I know I have been absent and neglectful of this blog. I am sorry. I am not so faithful a blogger as I would like to be. But how about this, I tell you about my rather lovely date night movie and promise to catch you all up on my comings and goings for the summer in a series called, What I did instead of blog?” Sound good? Excellent, here we go, then!
What do you get when you put Laura Linney, Sir Ian McKellen, and an adorable new actor named Milo in a post WWII period piece about a retired Sherlock Holmes? BEST. STORYTELLING. EVER.
Okay, the Quick rating for Mr Holmes: 4.8/5.0 stars- Go see it! Now. No, seriously, stop reading this post and go watch Sir Ian doing Sherlock Holmes losing his memory. Then come back and we chat.
Mitch Cullin (the writer of the original novel, A Slight Trick of the Mind, which now I must read) and Jeffery Hatcher (the screen writer) have much to be proud of. This piece is the definitive proof that good storytelling does not need sex or graphic violence or foul language. Those are the crutches of the limping writer who does not know their characters or have the necessary drama in plot and character to carry a full novel. When the story is good, really good, all that other stuff would just get in the way. This was lovely. I actually gasped twice (but then, I’m kind of a drama queen in the right circumstances, so take that as you will).
The acting is just, I mean, look at those names. It is a rare thing to see Laura Linney or Sir Ian botch something they are in, and they do not disappoint. The tension and the motivations and the give and take are just so great. And the kid, Milo Parker, he is darling. So stinking cute!! And he has some real skill. I hope he turns out to be one of those child actors that takes it slow, keeps his head on his shoulders, and continues to turn out excellent work for years to come.
So spoilers, kinda. This is not the fast paced Holmes of the modern Cumberbatch and Downey Jr. persuasion. This is a methodical, well paced character piece. Don’t get me wrong, mystery and intrigue abound, and you do find yourself asking the right questions in all the right places, but this is not a fast paced adventure. So don’t go expecting one or you will be disappointed. This is about who Holmes is and what his life of crime solving and isolation have done to him in the twilight of his life. He is realizing that his legacy will mostly be remembered in the fictionalizations of Dr. Watson and grappling with the knowledge that he is losing his memory and that his retirement was more than a function of age, but the result of a massive miscalculation on his part. A forced exile of sorts.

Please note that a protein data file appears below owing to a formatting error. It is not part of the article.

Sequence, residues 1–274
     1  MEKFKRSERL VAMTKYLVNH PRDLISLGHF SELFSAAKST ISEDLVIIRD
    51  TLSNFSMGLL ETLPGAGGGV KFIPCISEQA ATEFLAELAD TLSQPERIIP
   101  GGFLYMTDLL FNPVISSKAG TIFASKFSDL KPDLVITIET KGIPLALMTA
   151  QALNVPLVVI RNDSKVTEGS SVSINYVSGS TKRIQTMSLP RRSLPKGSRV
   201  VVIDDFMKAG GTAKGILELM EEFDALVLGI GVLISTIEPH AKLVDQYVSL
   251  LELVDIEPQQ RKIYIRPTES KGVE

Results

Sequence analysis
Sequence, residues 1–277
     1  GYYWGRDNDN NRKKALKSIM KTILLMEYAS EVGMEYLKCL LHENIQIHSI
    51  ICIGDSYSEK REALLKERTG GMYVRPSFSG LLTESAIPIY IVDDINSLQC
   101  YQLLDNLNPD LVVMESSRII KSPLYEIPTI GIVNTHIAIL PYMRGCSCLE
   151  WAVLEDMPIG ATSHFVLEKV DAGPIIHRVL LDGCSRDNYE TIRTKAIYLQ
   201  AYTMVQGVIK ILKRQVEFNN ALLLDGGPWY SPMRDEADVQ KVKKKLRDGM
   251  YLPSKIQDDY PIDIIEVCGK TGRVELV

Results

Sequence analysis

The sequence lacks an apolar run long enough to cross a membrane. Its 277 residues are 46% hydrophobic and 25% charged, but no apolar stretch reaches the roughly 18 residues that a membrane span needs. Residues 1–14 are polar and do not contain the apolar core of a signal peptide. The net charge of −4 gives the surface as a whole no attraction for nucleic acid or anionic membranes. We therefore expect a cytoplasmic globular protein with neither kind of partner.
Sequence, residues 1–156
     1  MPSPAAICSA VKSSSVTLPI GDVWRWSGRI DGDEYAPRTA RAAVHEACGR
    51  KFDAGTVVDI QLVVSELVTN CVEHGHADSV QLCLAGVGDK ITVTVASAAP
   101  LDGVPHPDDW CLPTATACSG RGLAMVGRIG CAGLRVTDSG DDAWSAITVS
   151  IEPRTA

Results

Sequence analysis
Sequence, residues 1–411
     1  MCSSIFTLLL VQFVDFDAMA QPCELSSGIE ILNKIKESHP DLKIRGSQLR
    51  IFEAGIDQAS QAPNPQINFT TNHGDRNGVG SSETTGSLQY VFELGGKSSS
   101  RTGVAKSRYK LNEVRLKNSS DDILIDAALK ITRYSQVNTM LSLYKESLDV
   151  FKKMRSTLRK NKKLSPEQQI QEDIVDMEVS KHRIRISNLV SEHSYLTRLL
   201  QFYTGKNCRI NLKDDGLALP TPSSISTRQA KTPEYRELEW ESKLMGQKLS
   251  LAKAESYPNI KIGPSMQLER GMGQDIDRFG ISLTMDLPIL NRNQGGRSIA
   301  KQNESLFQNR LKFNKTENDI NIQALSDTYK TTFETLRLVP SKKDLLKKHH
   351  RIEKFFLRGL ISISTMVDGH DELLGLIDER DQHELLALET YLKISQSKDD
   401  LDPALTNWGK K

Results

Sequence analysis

If I had a gripe to make it would be that they didn’t take full advantage of the cinematographic opportunities of filming in East Sussex and Kent, so so lovely. And also the whole wasp v. bee thing is a bit heavy handed (granted this thing is rated PG so I suspect they are trying to target a younger audience, but still, kids aren’t dumb either). The role it plays later on is not a shock, the way it is revealed it shocking to be sure, but the idea was so heavily laid on throughout the film that there was hardly any guesswork involved. Maybe that was intentional so that the mystery didn’t overtake the personal drama. It was a choice, I could have done without it. Whatevs.
Anyway, this was wonderful, well worth the $20.00 for a night out with the hubby. And it prompted some conversations between us afterward that I enjoyed. We have decided that someone needs to write a story involving the flashbacks of an older man to his younger days in which Benedict Cumberbatch plays the younger Sir Ian. YOU GOT THAT HOLLYWOOD?! Let’s make this happen.
All right, well, I will see you soon with tales of the exploits that kept me from posting here, but frankly, my twitter feed was pretty good, so I don’t feel too bad.
See you soon,